The decaying ruins of a once bustling coal mining community called Berwind
litter a stretch of narrow canyon, less than three miles from the site
of the Ludlow Massacre. The people who participated in the 1913-14 Strike
lived and labored in Berwind and dozens of other mining camps like it.
The remains of homes, schools, administrative offices, and industrial
equipment run along the sides of Berwind Canyon Road for over a mile.
As part of this project, some of the things we are interested in is how
people lived in the coal camps, how these conditions led to the strike,
and how conditions changed as a result of the strike. To answer these
questions we needed to locate archaeological deposits at Berwind that
dated to before and after the strike.
We surveyed and mapped the entire town area, recording each feature,
such as foundations, walls, etc. (Figure 1) We discovered
a number of geographically distinct areas, including areas associated
with different classes and ethnic groups. After completing the map, we
conducted a surface collection of those artifacts that can be dated firmly
from each area in order to trace the development of the community over
time and to determine if certain areas were occupied before the strike,
and if others were occupied after the strike. We walked over each area
scanning the surface for artifact scatters, specifically those with temporal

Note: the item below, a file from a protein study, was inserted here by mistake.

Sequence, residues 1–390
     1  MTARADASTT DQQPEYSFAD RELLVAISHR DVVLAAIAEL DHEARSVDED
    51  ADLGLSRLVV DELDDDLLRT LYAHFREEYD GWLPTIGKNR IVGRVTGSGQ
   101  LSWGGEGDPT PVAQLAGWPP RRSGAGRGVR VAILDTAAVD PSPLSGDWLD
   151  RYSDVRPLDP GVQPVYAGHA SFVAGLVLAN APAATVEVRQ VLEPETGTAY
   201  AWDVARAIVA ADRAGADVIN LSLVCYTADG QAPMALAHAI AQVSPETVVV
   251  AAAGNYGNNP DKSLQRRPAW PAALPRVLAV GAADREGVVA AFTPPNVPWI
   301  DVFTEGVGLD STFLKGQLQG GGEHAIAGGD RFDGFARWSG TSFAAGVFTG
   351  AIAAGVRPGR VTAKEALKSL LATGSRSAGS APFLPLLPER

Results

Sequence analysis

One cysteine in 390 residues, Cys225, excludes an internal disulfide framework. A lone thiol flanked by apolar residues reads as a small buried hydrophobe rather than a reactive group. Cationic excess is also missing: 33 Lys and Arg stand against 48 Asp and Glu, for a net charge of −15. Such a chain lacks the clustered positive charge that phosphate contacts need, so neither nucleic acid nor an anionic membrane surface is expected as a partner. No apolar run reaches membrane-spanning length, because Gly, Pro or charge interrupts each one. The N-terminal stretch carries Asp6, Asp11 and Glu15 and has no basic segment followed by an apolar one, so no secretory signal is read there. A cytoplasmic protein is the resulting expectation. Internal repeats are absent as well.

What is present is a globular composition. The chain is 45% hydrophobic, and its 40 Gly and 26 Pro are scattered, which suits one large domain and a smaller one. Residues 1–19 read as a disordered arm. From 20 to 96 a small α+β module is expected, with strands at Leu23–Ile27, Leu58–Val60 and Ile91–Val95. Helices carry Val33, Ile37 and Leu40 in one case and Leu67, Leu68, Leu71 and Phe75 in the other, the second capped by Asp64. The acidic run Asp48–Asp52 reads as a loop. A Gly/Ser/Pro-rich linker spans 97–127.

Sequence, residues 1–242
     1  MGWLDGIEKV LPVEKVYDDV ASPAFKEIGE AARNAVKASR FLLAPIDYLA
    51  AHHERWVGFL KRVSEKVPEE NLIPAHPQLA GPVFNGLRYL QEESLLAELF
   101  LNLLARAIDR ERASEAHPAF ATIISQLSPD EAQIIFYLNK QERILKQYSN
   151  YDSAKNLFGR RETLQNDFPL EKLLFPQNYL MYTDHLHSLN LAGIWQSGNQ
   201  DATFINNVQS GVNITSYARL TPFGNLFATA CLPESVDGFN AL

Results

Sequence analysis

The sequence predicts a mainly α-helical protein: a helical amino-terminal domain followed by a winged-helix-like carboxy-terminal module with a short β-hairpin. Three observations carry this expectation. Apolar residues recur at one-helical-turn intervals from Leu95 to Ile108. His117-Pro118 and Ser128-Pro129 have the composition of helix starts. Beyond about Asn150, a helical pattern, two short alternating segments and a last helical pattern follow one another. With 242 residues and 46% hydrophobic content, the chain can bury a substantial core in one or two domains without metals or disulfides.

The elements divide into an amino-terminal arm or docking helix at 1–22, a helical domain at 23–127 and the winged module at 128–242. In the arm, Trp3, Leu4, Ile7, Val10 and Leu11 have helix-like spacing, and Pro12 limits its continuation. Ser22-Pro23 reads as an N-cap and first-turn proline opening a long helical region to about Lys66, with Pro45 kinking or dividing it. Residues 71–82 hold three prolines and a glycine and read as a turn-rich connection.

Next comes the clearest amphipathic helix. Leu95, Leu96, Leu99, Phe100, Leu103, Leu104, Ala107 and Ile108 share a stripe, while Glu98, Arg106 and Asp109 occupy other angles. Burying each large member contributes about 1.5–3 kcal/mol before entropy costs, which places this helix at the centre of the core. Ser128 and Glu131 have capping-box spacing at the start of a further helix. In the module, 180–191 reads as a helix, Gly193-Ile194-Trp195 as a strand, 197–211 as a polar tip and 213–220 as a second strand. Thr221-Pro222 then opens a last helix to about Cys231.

markers such as colored glass, tin can types, electrical accoutrements
and container closures that would allow us to narrow the date of occupation
in each area. Our analysis suggests that there is at least one area that
was occupied previous to the strike and appears to have been abandoned
shortly thereafter. This is particularly significant given the fact that
Berwind was a densely occupied and growing community, doubling in population
after the strike. Nearly every inch of space that was habitable was occupied.
Over the years, we have had a lot of interest in the archaeology at
Ludlow and Berwind. In addition to talks and tours given to visitors to
the monument, we had a number of more formal presentations at clubs as
well as archaeological conferences. These include: 4-H Club, Trinidad
Historical Society, the Pike's Peak Chapter of the Colorado Archaeological
Society, and AFL-CIO Union Summer interns. Each year one of the Principle
investigators speak at the Memorial Service and explain what the project
is up to and how the projects activities increase public awareness of
events like the Ludlow Massacre.
We are currently concentrating on lab analysis of previous field season’s materials and are not planning to return to the field for the 2003 field season.
Home | Notice | Site Index | DU Anthro Home